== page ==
Northern Irish women win abortion fight
A decades-long struggle to give Northern Ireland women access to terminations on the NHS in mainland Britain was unexpectedly won in the space of 24 hours last Thursday, as the UK government dramatically changed its policy in an attempt to head off a damaging Tory rebellion on the Queen’s speech.
Dozens of Conservative MPs were understood to have expressed to Tory whips their support for an amendment by Labour MP Stella Creasy to allow Northern Irish women access to NHS-funded abortions.
Women from Northern Ireland are currently charged about £900 ($1,160) for a termination if they travel to mainland Britain, a policy upheld by a supreme court case last month. Northern Ireland has some of Europe’s most restrictive abortion laws and it is almost impossible for a woman to have a safe, legal abortion there.
Ahead of last week’s Queen’s speech vote, the business secretary, Greg Clark, said the government had listened to the concerns, praising Creasy. “She has brought to the House an injustice – and we will put that injustice right.”
In the end, Creasy withdrew her amendment, claiming victory. “I’m delighted at today’s announcement and satisfied by the commitments given,” Creasy said, as education secretary and equalities minister Justine Greening looked on, smiling. “Let us send a message to women everywhere that in this parliament their voices will be heard and their rights upheld.”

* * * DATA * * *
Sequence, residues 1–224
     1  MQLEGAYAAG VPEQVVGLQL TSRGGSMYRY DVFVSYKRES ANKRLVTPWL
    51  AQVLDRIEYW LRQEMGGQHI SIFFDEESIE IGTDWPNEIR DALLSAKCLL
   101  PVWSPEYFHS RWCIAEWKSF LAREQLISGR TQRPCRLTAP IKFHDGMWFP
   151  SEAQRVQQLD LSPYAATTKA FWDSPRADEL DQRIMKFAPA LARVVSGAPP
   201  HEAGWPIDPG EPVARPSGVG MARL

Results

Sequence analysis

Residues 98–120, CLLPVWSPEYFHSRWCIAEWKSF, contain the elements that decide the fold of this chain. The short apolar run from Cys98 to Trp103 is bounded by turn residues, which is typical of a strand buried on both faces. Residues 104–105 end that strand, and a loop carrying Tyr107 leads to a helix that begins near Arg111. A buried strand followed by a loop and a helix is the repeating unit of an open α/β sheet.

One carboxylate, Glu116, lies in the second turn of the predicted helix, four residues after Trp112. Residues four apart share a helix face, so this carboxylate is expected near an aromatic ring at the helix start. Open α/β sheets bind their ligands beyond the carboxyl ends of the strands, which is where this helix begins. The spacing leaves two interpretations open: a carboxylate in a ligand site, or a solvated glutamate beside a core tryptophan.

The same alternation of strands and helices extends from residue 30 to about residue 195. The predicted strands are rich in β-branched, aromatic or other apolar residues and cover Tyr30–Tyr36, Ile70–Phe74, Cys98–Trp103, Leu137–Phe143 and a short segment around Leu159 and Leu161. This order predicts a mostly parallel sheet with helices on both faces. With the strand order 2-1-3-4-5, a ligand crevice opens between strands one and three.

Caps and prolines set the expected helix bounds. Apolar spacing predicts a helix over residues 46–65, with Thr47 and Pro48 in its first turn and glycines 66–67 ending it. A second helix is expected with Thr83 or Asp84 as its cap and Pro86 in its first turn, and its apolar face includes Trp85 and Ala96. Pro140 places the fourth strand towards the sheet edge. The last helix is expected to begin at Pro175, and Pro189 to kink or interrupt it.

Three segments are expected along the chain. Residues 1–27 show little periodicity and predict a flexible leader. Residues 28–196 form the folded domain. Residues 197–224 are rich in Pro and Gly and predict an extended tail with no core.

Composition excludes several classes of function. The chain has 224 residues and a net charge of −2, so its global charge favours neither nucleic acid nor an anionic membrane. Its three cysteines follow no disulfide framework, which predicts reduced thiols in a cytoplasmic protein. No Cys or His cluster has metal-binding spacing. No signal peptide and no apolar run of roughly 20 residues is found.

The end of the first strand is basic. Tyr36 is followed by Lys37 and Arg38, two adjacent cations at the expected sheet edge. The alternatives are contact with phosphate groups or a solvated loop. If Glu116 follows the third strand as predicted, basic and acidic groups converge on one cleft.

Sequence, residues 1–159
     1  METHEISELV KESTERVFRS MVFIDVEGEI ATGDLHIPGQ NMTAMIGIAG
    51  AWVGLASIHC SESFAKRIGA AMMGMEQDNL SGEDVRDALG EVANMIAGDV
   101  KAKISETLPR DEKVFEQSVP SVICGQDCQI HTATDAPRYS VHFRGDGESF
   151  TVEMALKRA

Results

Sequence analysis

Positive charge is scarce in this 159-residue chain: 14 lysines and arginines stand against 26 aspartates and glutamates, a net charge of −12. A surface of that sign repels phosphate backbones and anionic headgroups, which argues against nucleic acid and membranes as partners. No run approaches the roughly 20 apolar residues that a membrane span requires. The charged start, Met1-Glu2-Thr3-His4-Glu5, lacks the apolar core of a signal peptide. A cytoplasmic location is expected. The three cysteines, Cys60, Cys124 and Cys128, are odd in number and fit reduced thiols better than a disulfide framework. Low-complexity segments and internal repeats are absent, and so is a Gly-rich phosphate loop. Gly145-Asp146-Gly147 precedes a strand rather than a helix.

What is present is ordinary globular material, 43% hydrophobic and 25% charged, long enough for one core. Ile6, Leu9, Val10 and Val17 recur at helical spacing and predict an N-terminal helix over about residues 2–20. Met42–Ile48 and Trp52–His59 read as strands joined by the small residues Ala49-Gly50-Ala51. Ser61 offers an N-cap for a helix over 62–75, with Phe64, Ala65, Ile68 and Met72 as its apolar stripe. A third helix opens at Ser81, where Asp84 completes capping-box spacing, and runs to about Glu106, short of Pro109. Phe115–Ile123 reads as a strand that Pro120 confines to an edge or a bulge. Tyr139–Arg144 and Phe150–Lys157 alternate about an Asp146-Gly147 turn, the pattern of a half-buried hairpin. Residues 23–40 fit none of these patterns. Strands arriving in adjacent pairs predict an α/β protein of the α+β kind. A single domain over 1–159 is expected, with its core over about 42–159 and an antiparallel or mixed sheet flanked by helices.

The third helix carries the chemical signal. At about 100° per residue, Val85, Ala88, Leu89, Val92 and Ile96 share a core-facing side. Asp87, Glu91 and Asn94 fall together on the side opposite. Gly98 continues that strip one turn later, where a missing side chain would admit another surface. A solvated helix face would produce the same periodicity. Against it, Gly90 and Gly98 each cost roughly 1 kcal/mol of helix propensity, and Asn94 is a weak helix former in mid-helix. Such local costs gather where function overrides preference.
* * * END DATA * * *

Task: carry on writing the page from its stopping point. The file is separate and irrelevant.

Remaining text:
The Department of Health had previously defended its policy not to fund abortions for Northern Irish women in England, arguing in court that to do so would undermine the Northern Ireland assembly. However, the mood suddenly shifted in Westminster when the case and Creasy’s amendment caught MPs’ attention. The result was a full capitulation from the government.
In a letter to MPs outlining the new funding for abortion provision, Greening hinted at personal sympathy with the issue. She wrote: “At present, women from Northern Ireland are asked for payment, and from now on it is our proposal that this will no longer happen. This is clearly a sensitive issue and one which has direct implications for equality in treatment of women from Northern Ireland.”